EXAMPLES FROM THE WEB FOR WIDOW
The rest of the estate went to the testator's widow for life, and then to charity.
I am in the habit of boarding at a quiet house kept by a widow.
"I don't believe we shall quarrel on that point," said the widow, smiling.
Since 1830 the widow again supplicated the Tribune des Chambres.
She was a widow, and had loved her husband, and her sky was still tinged with grey.
In course of time he died, and his widow was exhorted to submit to the Will of God.
When she became a widow she was driven from her estates, but was happy to lead the life of poverty.
Eleazer White had been twice married, the second time to the widow West.
Traces of the French descent which the widow boasted of were apparent in Winnie too.
It must not be imagined that the Widow Verloc had forgotten her mother.
Old English widewe, widuwe, from Proto-Germanic *widewo (cf. Old Saxon widowa, Old Frisian widwe, Middle Dutch, Dutch weduwe, Dutch weeuw, Old High German wituwa, German Witwe, Gothic widuwo), from PIE adj. *widhewo (cf. Sanskrit vidhuh "lonely, solitary," vidhava "widow;" Avestan vithava, Latin vidua, Old Church Slavonic vidova, Russian vdova, Old Irish fedb, Welsh guedeu "widow;" Persian beva, Greek eitheos "unmarried man;" Latin viduus "bereft, void"), from root *weidh- "to separate" (cf. second element in Latin di-videre "to divide;" see with).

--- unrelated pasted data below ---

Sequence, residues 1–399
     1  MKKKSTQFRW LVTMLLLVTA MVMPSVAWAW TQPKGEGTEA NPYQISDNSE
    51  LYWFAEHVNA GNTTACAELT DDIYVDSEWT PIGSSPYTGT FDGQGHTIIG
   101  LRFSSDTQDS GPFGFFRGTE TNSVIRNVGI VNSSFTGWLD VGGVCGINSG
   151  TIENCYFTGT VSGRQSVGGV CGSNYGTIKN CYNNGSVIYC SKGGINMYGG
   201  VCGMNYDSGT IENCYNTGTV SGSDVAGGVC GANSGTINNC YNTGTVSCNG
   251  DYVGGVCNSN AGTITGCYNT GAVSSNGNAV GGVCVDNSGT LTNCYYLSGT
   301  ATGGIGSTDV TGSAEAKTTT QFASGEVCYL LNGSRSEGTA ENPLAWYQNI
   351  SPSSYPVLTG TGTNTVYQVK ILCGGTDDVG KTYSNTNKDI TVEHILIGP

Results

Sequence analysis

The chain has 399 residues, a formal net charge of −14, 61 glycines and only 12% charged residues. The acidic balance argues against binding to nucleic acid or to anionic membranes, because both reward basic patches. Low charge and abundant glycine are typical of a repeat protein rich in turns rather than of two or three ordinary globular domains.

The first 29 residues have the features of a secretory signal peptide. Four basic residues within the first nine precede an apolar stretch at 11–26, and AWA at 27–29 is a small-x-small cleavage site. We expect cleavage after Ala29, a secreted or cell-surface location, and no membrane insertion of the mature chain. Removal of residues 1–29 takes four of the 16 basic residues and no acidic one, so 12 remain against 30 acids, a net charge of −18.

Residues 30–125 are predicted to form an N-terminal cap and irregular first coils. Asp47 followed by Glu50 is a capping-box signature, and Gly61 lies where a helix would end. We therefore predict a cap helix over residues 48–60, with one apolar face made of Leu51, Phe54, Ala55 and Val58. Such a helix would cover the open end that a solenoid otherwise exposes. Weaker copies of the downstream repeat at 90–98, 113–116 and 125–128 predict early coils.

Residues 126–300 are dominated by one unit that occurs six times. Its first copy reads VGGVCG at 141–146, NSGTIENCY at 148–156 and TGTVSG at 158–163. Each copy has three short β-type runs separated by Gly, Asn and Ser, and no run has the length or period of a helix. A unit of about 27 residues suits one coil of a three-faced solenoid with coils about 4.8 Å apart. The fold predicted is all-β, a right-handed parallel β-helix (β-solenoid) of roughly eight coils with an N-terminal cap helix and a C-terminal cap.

As a prefix to a name, attested from 1570s. Meaning "short line of type" (especially at the top of a column) is 1904 print shop slang. Widow's mite is from Mark xii:43. Widow's peak is from the belief that hair growing to a point on the forehead is an omen of early widowhood, suggestive of the "peak" of a widow's hood. Widow maker "anything lethally dangerous" first recorded 1945, originally among loggers, in reference to dead trees, etc. The widow bird (1747) so-called in reference to the long black tail feathers of the males, suggestive of widows' veils.